Bittersweet by Miranda Beverly-Whittemore
My rating: 3 of 5 stars
Summary: Suspenseful and cinematic, Bittersweet exposes the gothic underbelly of an idyllic world of privilege and an outsider’s hunger to belong.
On scholarship at a prestigious East Coast college, ordinary Mabel Dagmar is surprised to befriend her roommate, the beautiful, wild, blue-blooded Genevra Winslow. Ev invites Mabel to spend the summer at Bittersweet, her cottage on the Vermont estate where her family has been holding court for more than a century; it’s the kind of place where children twirl sparklers across the lawn during cocktail hour. Mabel falls in love with midnight skinny-dipping, the wet dog smell that lingers near the yachts, and the moneyed laughter that carries across the still lake while fireworks burst overhead. Before she knows it, she has everything she’s ever wanted: friendship, a boyfriend, access to wealth, and, most of all, for the first time in her life, the sense that she belongs.
But as Mabel becomes an insider, a terrible discovery leads to shocking violence and reveals what the Winslows may have done to keep their power intact - and what they might do to anyone who threatens them. Mabel must choose: either expose the ugliness surrounding her and face expulsion from paradise, or keep the family’s dark secrets and make Ev’s world her own.
I was taken by the summary for this book and looked forward to reading it and now having finished it, I feel it was just an okay read. I liked it but didn't love it. I figured out fairly early on what one of the main Winslow secrets was and I didn't mind that at all. I think what held me back from really loving this book was Mabel as the narrator. I don't need to like a character but I do need to find them compelling and I found little in Mabel that was compelling. She was cloying and something of a manipulator so that even when those around her were revealed to be severely in lack of redeeming qualities, it really did nothing to make me take on care of her plight or point of view. She very much reminded me of the narrators of Alys, Always and & Sons the only difference I found was that she seemed less unreliable a narrator than they. I freely admit that I'm not much a fan of ingratiating climber types so it really takes a lot for such a character to win me over. In the end, the other nasty Winslow secret is resolved in a way that I found a little unsatisfying though tidy and Mabel does grasp and hold her brass ring and is granted becoming a Winslow. It made me hold her in no higher regard.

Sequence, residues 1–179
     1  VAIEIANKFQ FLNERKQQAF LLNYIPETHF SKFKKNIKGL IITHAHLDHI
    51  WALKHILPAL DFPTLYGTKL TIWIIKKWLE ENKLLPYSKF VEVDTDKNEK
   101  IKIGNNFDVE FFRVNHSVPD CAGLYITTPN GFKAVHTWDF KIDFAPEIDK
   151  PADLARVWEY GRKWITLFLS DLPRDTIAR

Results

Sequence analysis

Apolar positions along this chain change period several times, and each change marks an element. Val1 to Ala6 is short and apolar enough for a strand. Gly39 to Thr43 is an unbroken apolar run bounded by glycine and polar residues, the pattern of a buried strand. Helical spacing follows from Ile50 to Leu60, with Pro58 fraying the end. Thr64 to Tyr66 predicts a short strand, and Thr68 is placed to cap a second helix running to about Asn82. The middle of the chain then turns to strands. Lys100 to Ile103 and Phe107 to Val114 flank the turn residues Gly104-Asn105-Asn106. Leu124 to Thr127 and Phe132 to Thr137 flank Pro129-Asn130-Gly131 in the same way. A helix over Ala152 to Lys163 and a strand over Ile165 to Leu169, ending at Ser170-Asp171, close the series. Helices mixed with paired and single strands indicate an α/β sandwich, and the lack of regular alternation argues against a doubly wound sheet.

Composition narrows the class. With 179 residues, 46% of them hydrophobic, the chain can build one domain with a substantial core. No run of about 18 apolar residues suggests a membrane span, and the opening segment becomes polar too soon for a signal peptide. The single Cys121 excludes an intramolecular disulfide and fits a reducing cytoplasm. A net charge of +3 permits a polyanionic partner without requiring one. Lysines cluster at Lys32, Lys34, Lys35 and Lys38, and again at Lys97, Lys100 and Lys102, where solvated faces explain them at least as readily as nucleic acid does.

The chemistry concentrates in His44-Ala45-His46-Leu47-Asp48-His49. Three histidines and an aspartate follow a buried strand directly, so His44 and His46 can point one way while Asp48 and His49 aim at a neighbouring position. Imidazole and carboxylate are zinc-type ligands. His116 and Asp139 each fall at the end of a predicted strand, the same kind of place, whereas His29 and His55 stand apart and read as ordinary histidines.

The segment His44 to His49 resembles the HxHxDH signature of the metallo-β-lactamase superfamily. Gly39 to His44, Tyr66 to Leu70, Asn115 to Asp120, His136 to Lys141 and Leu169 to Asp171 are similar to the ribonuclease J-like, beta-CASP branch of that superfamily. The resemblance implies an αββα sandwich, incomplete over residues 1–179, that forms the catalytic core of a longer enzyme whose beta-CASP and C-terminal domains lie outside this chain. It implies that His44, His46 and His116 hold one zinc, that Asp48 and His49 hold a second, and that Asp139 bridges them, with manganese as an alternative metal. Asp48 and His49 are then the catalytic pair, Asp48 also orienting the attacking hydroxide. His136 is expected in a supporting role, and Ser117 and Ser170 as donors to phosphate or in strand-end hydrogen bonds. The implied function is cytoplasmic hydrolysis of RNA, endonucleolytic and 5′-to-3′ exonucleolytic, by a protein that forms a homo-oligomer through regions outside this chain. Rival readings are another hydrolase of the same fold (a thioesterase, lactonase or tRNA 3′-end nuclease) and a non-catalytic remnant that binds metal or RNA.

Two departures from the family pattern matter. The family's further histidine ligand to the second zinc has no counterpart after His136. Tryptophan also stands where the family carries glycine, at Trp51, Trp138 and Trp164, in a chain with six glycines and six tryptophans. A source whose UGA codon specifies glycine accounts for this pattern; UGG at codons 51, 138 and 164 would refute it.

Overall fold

I'm glad I read this and I do think it was a good poolside or day at the beach book. I'd recommend it for fans of the the other books I mentioned here and also those who like twisted family tales with the outsider looking in and longing to be a part. It won't change your life but it's not a bad choice to pass a weekend and chat about on Monday morning.
I was given a copy of this book by the publisher in exchange for an honest review.
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